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The aftermath of car bombs at Saadallah al-Jabiri square in Aleppo. Wikipedia

Al-Qaeda’s attack on west-Aleppo shows little progress

Al-Qaeda's attack on west-Aleppo is showing little progress while their attempt to break the siege of jihadist held eastern districts of the city was repulsed with heavy losses.

Published: November 1, 2016, 1:24 pm

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    Aleppo

    Reports from Aleppo confirm that the offensive for the moment at least, failed, as the Syrian army has recaptured all the key areas captured by Al-Qaeda in Syria [aka Jabhat al Nusra] in the first two days of their counter-offensive.

    Jihadists are said to have suffered considerable losses, although the extent of losses could not be clarified.

    Remarkably, the Syrian army has achieved success without the intervention of the Russian air support, after president Vladimir Putin refused the Russian General Staff’s request to resume bombing in Aleppo.

    A renewed offensive by Al-Qaeda to break the siege of the city can however not be ruled out as the jihadists succeeded for a while in barrelling through Syrian army lines. It took several weeks of intense fighting, and heavy bombing by the Russians before the back of the offensive could be broken.

    The Jihadists had launched their counteroffensive against the Ramousseh district in the south west of the city in July, while the Syrian army’s best units were concentrated in the north of the city, along the Castello road.

    But after capturing much high ground to the south west of the city, the second Jihadist counter-offensive could be held off.

    According to the CIA, 2 000 armed Jihadists were crossing the border from Turkey into Syria every month during the peak period of the war in 2014 and 2015, but in January of this year, following the arrival of Russian air defence, that number fell to 200 a month.

    The Iranian news agency Fars, reported that bitter recriminations are underway already over the failure in Aleppo, with the blame being placed on Saudi cleric Abdullah al-Muhaysini, the nominal leader of the so-called “Army of Conquest”.

    Unconfirmed sources say al-Muhaysini is being criticised for his “totally wrong strategy” and for his “naive plans” which have “sent hundreds of fighters to meet their death”.

    Moreover Fars has reported on social media comments complaining that “….. al-Muhaysini has sent the foreign members of the militant groups to the Aleppo battlefield to get rid of them.”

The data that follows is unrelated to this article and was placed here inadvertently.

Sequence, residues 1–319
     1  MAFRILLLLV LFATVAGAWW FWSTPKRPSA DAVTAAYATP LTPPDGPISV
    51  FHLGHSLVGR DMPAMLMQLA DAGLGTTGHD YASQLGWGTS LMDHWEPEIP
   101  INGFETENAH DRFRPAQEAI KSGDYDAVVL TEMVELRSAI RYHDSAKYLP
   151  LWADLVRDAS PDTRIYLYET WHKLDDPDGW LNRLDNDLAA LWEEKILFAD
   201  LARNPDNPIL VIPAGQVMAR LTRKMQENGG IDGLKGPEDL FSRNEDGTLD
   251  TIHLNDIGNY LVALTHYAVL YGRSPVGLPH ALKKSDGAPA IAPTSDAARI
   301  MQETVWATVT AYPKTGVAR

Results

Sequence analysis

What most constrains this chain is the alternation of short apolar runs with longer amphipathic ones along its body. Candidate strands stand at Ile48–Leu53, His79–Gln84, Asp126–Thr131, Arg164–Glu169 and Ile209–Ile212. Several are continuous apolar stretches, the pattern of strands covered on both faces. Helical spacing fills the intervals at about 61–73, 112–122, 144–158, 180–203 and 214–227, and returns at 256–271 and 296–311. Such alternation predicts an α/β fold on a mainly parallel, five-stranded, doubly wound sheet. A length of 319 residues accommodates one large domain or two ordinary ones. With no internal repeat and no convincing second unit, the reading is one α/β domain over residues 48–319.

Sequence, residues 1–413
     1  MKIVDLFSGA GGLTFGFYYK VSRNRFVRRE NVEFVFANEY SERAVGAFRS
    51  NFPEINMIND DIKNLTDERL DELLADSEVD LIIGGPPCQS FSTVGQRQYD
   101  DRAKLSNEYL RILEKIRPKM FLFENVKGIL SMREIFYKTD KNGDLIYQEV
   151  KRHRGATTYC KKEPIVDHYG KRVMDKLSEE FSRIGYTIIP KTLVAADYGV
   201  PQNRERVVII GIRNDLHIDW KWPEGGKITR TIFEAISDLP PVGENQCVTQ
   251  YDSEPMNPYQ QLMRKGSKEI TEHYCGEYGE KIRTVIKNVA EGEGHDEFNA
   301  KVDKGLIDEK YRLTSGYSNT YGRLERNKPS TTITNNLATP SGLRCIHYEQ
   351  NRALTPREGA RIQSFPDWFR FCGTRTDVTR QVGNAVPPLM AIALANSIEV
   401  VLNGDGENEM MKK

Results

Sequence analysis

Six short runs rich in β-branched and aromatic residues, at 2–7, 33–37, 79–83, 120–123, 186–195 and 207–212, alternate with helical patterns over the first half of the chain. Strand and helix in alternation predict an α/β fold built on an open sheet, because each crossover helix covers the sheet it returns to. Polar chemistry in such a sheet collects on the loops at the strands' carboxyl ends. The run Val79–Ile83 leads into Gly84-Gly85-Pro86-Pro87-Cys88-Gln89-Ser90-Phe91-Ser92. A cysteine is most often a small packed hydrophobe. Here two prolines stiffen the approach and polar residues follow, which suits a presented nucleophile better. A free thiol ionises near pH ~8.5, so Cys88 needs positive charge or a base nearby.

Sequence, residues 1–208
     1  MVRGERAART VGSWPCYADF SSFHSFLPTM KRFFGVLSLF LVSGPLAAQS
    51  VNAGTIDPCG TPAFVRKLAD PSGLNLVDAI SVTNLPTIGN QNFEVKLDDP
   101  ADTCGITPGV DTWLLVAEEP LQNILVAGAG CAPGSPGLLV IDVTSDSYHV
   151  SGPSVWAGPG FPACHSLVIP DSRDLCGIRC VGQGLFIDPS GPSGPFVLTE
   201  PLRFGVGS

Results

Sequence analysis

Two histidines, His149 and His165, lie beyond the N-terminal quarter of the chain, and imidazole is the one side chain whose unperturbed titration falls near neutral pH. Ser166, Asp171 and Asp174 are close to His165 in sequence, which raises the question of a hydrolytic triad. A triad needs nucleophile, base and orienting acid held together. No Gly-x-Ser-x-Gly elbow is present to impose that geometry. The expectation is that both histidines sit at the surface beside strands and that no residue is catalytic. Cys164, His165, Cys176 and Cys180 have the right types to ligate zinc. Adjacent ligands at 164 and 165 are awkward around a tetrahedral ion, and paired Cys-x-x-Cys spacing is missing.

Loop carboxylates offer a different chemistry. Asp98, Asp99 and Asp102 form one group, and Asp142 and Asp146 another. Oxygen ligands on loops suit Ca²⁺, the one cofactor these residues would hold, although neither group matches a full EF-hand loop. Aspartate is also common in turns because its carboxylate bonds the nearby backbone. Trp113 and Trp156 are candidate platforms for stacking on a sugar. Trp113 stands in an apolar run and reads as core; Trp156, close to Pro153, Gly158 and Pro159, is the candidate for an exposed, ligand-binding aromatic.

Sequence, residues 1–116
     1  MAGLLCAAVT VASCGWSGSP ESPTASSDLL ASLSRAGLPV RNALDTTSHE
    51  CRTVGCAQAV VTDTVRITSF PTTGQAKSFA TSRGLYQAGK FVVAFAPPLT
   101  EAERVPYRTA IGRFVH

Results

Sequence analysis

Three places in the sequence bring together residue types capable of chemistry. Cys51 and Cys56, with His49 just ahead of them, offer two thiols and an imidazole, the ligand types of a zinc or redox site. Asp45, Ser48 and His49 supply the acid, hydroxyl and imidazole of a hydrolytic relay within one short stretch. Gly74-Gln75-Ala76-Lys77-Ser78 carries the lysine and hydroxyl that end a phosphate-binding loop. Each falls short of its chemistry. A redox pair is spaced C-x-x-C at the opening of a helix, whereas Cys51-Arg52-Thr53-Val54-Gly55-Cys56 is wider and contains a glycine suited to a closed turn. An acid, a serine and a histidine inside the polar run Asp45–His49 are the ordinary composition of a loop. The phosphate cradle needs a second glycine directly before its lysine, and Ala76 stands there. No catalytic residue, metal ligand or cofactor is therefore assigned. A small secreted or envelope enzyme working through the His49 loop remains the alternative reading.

Meanwhile reports confirm that Colonel Suheil al-Hassan, the semi-legendary commander of the Syrian army’s elite Tiger Forces, is now in the city with his troops, who are supposedly equipped with advanced Russian T90 tanks, and who include a group of commandos of the Syrian army’s Desert Hawks Special Forces Brigade.

    There are also reports that the Russian fleet, which includes the aircraft carrier Admiral Kuznetsov and the nuclear powered missile battle cruiser Pyotr Veliky, has now reached the north African coast, and that it has been joined by two Shchuka-B (“Akula”) class nuclear powered submarines equipped with cruise missiles, and that it is about to enter the Mediterranean.

    The New York Times has meanwhile openly admitted to CIA supported groups acting under al-Qaeda’s operational command. The headline-grabbing article was however shoved to the backpages.

    Al-Qaeda and its allies managed only to capture small rural outskirts so far. Every attempt to attack actual city dwellings was repelled by the defenders and small infiltrations were immediately cleaned up.

    It is estimated that the several thousand attackers have so far lost more than 500 men as fighting occurred in mostly open land accompanied by heavy artillery fire. Russian air attacks had previously ravaged supply and preparation areas.

    One of at least 20 similar suicide vehicle bombs was hit by a missile from a Syrian helicopter and exploded at its preparation and launching position. Over 60 “rebels” were killed by it and their attack had to be call off.

    The good news is that the defense is holding, but the bad news is that the “rebels” have received large amounts of artillery missiles and launchers from their Gulf sponsors and several hundred have been launched at the densely populated areas of west-Aleppo.

    The UN envoy condemned these attacks as “possible war crimes”.

    Other fronts in Syria are relatively quiet correspondents say. The Turks have been told by Russia to stop all air attacks within Syria. And while the US would like to advance on Raqqa, no proxy ground force has stepped forward to undertake the arduous task.

    karin@praag.org

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